When Lynx coach Cheryl Reeve sees her players in a circle, heads down, arms on teammates' shoulders, she sees a team that's ready to finish out the season strong.
Most of the time her players come out of those huddles -- taken after falling behind in a game or finding themselves in a mini-slump -- with a new strategy, a new optimism and energy.
"We stop the bleeding," Reeve said.
It's a strength the team has found in the second half of the season, pushing aside a three-game losing streak before the Olympic break, the only real slipup of the season, to make way for a nine-game winning streak that had been achieved, they say, by keeping their wits about them no matter what.
And it's something the Lynx will need to do more than ever as they head into a tough final stretch. After Friday's home game against Atlanta, the Lynx will play six of their last seven games on the road.
"We're at the point of the season where it's a grind," Maya Moore said. "We're going to really just have a high level of focus. And we feel like when we do that, we can't be beaten."
The last time the Lynx were beaten seems long ago. In July, the team lost three in a row -- at San Antonio, at Los Angeles and against Connecticut, a span that has stuck with it since.
"I think that happened because we had been playing mediocre basketball up 'til that point and winning, and that gives you a false sense of victory," veteran Taj McWilliams-Franklin said.
But that period was critical to getting the team focused the way they were a season ago, when they won the WNBA title, Reeve said.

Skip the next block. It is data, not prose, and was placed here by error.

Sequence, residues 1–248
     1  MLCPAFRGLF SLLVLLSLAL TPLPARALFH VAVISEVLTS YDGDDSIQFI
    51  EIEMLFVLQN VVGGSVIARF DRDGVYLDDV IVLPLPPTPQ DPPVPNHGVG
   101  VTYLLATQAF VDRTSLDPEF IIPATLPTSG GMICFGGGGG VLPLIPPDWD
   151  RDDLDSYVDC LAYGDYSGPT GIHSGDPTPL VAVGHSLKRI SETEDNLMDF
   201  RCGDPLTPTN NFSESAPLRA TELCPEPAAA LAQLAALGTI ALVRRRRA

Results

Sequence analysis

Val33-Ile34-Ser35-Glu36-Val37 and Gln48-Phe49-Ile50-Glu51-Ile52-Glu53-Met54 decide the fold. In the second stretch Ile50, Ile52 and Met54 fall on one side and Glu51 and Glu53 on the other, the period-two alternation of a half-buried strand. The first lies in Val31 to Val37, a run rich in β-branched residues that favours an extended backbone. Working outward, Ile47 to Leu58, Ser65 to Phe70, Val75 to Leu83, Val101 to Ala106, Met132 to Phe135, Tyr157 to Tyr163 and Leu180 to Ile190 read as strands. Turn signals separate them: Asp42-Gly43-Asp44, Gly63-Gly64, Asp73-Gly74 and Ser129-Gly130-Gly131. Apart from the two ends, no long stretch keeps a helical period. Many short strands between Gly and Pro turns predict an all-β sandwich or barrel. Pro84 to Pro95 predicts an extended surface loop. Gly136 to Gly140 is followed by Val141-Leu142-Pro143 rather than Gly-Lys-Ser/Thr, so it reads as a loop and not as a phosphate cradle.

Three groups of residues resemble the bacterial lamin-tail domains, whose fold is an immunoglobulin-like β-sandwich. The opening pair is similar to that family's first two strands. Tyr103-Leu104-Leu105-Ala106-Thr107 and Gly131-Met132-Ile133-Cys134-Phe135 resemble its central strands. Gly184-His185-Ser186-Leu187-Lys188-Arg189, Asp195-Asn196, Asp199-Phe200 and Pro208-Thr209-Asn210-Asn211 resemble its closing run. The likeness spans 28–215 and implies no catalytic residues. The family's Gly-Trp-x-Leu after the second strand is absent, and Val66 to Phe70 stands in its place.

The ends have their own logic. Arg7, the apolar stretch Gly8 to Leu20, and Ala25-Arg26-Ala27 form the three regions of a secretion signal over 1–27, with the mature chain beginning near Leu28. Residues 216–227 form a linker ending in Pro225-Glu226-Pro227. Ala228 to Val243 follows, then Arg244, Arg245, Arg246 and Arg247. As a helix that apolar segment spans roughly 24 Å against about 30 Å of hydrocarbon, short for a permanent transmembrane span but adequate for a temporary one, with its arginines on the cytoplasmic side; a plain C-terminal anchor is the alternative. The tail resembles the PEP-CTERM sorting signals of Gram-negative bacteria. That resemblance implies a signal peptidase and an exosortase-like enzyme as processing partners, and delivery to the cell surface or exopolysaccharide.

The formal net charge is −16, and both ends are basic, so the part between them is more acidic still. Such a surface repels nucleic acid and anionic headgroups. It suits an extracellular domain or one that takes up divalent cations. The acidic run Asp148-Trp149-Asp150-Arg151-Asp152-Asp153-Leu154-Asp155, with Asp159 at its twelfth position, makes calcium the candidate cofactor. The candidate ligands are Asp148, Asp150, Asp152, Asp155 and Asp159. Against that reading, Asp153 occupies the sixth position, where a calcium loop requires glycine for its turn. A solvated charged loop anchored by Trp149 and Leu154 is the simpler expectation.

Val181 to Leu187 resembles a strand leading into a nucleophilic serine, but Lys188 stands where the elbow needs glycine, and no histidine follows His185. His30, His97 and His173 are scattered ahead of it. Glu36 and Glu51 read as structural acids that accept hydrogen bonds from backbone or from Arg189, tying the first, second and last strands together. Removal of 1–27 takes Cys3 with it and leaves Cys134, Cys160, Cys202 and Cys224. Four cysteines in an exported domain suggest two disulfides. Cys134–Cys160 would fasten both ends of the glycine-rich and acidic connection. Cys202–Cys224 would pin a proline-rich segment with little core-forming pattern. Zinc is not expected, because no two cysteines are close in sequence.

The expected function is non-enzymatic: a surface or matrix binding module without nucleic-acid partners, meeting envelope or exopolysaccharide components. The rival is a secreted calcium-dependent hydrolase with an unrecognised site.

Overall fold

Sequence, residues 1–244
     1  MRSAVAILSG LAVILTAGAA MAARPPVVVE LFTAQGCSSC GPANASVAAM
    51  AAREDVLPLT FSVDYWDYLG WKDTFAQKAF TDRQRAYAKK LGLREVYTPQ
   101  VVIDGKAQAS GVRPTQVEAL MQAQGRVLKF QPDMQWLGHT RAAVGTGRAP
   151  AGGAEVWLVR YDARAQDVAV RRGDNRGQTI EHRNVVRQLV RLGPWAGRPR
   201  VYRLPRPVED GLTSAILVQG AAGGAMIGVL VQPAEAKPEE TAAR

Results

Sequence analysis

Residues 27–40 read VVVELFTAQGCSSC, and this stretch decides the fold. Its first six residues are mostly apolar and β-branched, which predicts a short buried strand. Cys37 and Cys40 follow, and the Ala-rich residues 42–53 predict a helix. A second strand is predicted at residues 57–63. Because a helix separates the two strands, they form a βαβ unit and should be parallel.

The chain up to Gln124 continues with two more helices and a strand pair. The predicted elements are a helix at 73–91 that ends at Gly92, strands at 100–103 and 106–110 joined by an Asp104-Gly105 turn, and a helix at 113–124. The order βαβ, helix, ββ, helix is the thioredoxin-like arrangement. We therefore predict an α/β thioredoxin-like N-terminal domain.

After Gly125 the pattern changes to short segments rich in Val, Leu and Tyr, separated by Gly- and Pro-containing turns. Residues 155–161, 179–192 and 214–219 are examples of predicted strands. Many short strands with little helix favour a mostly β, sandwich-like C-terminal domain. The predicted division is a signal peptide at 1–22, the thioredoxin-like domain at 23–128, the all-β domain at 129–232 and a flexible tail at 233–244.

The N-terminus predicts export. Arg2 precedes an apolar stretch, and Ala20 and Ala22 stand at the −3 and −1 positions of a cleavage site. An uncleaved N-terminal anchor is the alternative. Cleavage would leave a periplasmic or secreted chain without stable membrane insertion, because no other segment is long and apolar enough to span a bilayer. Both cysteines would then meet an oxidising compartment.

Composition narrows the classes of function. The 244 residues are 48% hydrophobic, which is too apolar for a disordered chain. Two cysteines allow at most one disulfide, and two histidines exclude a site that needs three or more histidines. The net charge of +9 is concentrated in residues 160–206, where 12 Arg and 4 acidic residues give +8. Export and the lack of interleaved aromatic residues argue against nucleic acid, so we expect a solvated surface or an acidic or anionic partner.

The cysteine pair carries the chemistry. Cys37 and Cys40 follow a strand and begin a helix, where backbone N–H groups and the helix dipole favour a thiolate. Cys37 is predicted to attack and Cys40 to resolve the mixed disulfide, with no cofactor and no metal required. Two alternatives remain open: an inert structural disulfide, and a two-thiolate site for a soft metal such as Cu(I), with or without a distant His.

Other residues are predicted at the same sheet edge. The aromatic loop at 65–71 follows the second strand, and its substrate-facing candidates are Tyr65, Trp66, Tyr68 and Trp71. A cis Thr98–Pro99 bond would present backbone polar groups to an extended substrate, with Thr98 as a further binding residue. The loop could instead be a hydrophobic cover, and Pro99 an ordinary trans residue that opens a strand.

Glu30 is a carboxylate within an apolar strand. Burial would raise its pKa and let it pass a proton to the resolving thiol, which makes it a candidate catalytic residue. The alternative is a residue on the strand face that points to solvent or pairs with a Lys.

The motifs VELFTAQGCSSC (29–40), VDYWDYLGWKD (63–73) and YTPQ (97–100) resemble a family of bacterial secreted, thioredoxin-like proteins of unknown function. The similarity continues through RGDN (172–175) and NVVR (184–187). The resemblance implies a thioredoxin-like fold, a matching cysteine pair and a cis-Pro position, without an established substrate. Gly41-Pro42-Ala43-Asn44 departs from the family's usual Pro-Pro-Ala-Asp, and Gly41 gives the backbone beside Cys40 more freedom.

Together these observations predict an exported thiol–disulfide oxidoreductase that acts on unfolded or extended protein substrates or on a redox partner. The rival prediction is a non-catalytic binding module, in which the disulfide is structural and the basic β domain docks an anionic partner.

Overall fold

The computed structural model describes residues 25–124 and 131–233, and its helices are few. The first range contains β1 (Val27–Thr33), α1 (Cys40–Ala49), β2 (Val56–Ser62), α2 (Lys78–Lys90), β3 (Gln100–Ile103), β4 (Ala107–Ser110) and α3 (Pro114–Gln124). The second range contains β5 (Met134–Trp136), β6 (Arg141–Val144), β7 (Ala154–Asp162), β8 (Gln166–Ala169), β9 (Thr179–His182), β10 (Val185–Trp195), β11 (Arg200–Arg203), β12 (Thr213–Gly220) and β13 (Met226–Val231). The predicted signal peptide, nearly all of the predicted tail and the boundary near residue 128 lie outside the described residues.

Just as the Lynx were targeted in July as the team to beat, they will be again now. The defending champions -- who have the best record in the league at 22-4 and are four games up on second-place Los Angeles in the West -- face a battery of tough teams, including San Antonio twice on the road, Los Angeles on the road and a home-and-away against Indiana.
Reeve said the team had tried to "hold back" bits and pieces of offense and strategy throughout the year to help give an element of surprise now, when everyone is tired. And the Lynx constantly are tweaking their offense. Still, with teams who have faced each other this many times -- the Lynx already have seen San Antonio and Los Angeles three times each -- game planning often gives way to simple execution and passion.
"It's not really about X's and O's when you play a team five times and you see them in the playoffs," McWilliams-Franklin said. "It's about who wants it, who's willing to go the extra mile, who gets more of the 50-50 balls ... it's not about stopping a certain play or keeping this offense or that, it's just the bare bones of the game."